Religion, we should understand now, has enormous authority. Whether or not it’s increasing its authority in our public life, especially in this country [the USA], is another matter. But religion did not go away. Religion was not killed by science. For all that the commentators at the end of the 19th century or early 20th century said so, they were wrong. Religion is alive and well.

    The Wikipedia article states about Stephen Barr’s book adduced above:

    Modern Physics and Ancient Faith (2003) is a book by Stephen M. Barr, a physicist from the University of Delaware[1] and frequent contributor to First Things. This book is “an extended attack” on what Barr calls scientific materialism. National Review says of the book: “[A] lucid and engaging survey of modern physics and its relation to religious belief. . . . Barr has produced a stunning tour de force . . . [a] scientific and philosophical breakthrough.”[2]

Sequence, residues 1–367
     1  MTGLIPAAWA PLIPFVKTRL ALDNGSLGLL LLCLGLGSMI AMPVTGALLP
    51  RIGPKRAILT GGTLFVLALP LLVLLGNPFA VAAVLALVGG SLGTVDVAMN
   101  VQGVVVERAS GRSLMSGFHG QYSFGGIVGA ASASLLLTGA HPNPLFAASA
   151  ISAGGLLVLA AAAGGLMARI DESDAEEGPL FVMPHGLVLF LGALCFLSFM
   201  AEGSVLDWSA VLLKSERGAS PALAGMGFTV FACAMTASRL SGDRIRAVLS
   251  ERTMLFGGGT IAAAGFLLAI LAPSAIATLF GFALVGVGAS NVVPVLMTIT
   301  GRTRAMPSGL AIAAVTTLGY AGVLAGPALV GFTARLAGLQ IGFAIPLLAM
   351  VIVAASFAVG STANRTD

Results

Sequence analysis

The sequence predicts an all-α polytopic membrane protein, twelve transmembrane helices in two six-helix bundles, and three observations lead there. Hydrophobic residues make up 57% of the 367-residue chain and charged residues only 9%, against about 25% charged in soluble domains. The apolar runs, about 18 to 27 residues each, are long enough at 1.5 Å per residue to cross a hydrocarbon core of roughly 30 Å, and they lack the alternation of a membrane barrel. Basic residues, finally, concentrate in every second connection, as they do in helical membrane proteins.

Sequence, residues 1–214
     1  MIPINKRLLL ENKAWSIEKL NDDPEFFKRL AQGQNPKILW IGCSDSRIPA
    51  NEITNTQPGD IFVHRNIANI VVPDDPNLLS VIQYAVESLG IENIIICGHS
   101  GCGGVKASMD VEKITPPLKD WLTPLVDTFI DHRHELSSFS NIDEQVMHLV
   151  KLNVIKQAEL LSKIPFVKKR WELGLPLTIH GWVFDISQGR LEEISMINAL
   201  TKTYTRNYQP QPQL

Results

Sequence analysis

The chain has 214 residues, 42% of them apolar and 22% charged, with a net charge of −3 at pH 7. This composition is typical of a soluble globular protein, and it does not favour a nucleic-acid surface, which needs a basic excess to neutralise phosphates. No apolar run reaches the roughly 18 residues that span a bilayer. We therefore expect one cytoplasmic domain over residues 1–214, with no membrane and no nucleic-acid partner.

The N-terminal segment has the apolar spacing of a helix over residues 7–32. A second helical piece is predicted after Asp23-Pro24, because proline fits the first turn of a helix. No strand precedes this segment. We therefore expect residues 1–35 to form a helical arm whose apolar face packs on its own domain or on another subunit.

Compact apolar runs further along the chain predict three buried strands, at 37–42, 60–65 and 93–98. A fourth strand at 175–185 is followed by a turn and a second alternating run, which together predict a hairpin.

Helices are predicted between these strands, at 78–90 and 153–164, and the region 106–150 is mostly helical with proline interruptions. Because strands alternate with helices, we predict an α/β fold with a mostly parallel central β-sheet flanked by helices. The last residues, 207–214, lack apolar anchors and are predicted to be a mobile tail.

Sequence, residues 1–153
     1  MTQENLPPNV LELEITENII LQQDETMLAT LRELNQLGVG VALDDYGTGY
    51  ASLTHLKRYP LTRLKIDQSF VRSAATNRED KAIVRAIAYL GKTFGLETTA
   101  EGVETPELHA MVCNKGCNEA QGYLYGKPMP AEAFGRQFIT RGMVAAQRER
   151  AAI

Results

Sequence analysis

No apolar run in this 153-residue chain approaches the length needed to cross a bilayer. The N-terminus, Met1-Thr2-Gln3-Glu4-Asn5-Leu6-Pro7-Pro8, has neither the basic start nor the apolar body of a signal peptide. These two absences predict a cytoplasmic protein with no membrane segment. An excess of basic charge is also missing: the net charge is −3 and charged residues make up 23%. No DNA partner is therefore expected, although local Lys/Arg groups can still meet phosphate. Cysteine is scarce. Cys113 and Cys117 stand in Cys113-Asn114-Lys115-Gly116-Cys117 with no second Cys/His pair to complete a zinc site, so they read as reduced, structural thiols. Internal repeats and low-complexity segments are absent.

And further:

    The book is divided into five parts spanning 26 chapters. The main religious and philosophical themes include determinism, mind as a machine, anthropic principle, and the big bang theory.[3] Its main thesis is that science and religion only appear in conflict because many have “conflated science with philosophical materialism.”

    . . . except the evidence is that not just lay people, but scientists themselves, have tremendous disagreements about what it is that method–the scientific method–might be.

    Barr repeatedly disclaims offering “rigorous scientific proofs” for traditional Judeo-Christianity. (There are none!) Rather, he systematically carves out room for its possible embrace based on what is known from modern physics. Not a few surprises await (at least the previously uninformed reader–like me).[]